Around the same time and shortly after, A-list producers of the time like K-Solo and ID Cabasa were increasingly incorporate tags into their work, helping to set the precedent for a practice that has become commonplace today. With a commitment to being identifiable through their work, especially as means to standout and remain relevant within a space teeming with established and rising producer, it doesn’t take much to figure out the central conceit behind the use of producer tags: Branding. By leaving a trail of credits that audiences and future collaborators can track, producers improve on their reputation and leverage previously released work into an increase in demand for their services.
It’s a common fact of the music industry that, no matter how talented a person is, visibility plays an important role in determining long term relevance. With the exception of the few producers that are instantly recognisable, a significant portion of Nigerian producers are physically incognito, which really isn’t the problem. The actual problem is being entirely anonymous, which is largely solvable with the use of tags. In the last few years, many producers have been able to imprint their names on listeners’ minds, employing unique tags as a form of representation. Without any set rules, a remarkable amount of tags have graced Nigerian music in the last decade-and-a-half, showcasing the variety and increasing innovation attached to the mundane act of producers owning their work.
A very common practice, is the pronunciation of the producer’s moniker somewhere on the song, often at the beginning or at the end of the song. An example that comes to mind is Spellz, one of the longest-serving producers around who has worked with everyone from Wizkid to Tiwa Savage. Although his single tag has been scattered around the some of the biggest and best Afropop songs this decade, Burna Boy’s elastic enunciation of his name—“spellzzz”—has yet to lose its lustre; it isn’t necessarily the most thrilling tag around but it is effective.
There’s a roll call of producers who follow this pattern of spelling out their name on record, albeit with some sauce. A couple of examples include: The sensual pronunciation of “Juls Baby”; Shizzi and Higo using a haunted, ethereal call out of their respective names; the half-sonorous, half-robotic ring of “Ikon”; the imposing, nominal shout Major Bangz graces his slew of hefty beats with; and the pronunciation of “Ozedikuz Nwanne” in a vocal tone distinctive to the Eastern part of Nigeria.
Switching it up a bit, other producers accompany the use of their name with a phrase that is unique to them. This approach, when it sticks, not only helps the producer’s reputation, it also gives them and their work some amount of personality. Young John designated himself “the wicked producer”, Sess owned the word “problem”, and Kel P attached his production work to party-starting vibes. In the case of a few other producers, their phrases also serve the additional purpose of being cinematic. It’s a shortlist that includes: Leriq’s iconic “It’s Leriq, call the paramedic”; Syn X’s “Syn X, do the math”; GMK’s “GMK ‘bout to make that dough”; and Genio’s “Genio, where you at, my nigga?”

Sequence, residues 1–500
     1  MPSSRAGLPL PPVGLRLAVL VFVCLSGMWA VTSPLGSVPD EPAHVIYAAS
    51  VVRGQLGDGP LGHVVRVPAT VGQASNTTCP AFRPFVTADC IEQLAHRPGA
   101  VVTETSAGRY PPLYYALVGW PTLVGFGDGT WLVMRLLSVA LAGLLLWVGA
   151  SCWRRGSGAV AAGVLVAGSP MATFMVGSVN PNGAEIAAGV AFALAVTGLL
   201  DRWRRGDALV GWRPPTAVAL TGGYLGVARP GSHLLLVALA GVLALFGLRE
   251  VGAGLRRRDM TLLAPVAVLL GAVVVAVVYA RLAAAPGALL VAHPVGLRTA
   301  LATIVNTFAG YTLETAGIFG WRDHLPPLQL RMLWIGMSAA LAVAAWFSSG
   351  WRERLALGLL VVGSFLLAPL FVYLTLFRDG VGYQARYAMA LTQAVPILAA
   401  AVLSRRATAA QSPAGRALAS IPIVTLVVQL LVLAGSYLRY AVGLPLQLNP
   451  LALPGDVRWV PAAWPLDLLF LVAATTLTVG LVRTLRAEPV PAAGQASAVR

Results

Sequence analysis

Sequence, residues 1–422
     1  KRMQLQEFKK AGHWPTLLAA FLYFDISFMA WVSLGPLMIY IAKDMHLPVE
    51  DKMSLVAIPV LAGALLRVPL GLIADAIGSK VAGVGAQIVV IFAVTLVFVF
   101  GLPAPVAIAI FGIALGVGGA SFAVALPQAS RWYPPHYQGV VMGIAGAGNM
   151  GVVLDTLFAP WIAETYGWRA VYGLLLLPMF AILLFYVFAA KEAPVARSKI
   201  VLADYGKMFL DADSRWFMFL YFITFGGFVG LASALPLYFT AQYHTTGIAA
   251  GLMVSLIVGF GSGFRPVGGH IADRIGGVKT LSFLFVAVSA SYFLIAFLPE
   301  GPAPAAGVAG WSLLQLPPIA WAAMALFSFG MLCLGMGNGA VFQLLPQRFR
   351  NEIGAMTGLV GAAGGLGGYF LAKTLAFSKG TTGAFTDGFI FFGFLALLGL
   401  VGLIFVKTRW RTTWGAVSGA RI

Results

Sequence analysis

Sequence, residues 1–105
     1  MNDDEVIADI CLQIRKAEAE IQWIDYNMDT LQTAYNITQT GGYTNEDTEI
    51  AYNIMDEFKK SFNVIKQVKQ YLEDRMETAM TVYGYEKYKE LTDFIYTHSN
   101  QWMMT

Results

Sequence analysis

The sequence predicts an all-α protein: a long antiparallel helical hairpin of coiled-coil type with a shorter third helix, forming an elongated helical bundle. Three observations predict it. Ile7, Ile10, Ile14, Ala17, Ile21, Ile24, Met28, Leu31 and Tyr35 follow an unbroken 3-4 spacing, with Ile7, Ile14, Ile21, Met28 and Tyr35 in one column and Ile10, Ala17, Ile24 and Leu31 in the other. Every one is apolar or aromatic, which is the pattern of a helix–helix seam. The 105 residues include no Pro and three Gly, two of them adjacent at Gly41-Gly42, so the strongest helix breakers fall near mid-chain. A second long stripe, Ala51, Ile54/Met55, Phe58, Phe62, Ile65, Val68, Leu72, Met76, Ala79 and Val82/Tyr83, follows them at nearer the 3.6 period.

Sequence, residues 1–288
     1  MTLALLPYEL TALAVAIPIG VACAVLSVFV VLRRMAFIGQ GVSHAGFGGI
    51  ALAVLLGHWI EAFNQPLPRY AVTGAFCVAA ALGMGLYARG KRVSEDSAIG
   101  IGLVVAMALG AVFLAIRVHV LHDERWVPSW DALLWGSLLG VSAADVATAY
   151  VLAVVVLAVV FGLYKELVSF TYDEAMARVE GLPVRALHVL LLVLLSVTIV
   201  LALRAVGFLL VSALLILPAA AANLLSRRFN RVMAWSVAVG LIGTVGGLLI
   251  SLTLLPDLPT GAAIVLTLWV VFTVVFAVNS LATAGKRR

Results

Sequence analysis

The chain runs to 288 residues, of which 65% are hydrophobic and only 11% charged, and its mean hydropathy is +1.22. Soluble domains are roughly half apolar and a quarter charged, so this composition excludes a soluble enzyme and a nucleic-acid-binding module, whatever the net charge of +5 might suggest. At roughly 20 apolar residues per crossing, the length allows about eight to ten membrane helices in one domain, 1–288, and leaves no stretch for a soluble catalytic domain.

While the inclusion of names is dominant, some producers totally eschew it, choosing instead to use single words, phrases and even onomatopoeias in representing themselves. Bonafide super-producer Sarz ditched his ubiquitous “Beats by Sarz” tag a while back, opting for a bulbous pronunciation of “riddim” to announce his presence in recent years. In a branding masterclass, every song on his incredible debut beat tape from 2019, ‘Sarz Is Not Your Mate‘, contains the word “Riddim”. In a similar vein, prominent producer, Killertunes emblazoned his 2018 banner year run of hit singles with an instantly recognizable tag, the boisterous shout of “Shabalistica”.
After the release of Burna Boy’s ‘Twice As Tall’, Telz emerged as a breakout producer, after his “Funkula” tag signalled his multiple song credits on the Grammy-winning album. Shortly after ‘TAT’ came out, Twitter was buzzing with jokes on how Telz’s tag bore similarities with “porn killer”, a playful fiasco that has inevitably made his tag one of the more recognisable ones in Nigerian music at the moment. This nameless branding route, however, isn’t limited to highly popular producers alone. Spax, frequent Show Dem Camp collaborator who’s also produced for Falz, Tekno, Yung L and more, watermarks his beats with a calm pronunciation of “Classic”, while veteran producer Kid Konnect is familiar amongst Nigerian hip-hop listeners for the snappy intonation of “Amazing”.
Aesthetically, not every tag will be wholly appealing to listeners—e.g. my reaction to Rema’s “Bounce”—and there are some people who still decry their use for cluttering songs. However, the primary priority of a tag is to give producers the ability to document their specific involvements, providing them with the agency to own their work from the shadows. This way, the guardians of the sound can get around the music industry’s knack for boxing out non-vocal artists from getting adequate credits for playing their parts in dictating what we listen to on our phones, hear on the radio, and dance to at parties.
Dennis is a staff writer at the NATIVE. Let me know your favourite the Cavemen songs @dennisadepeter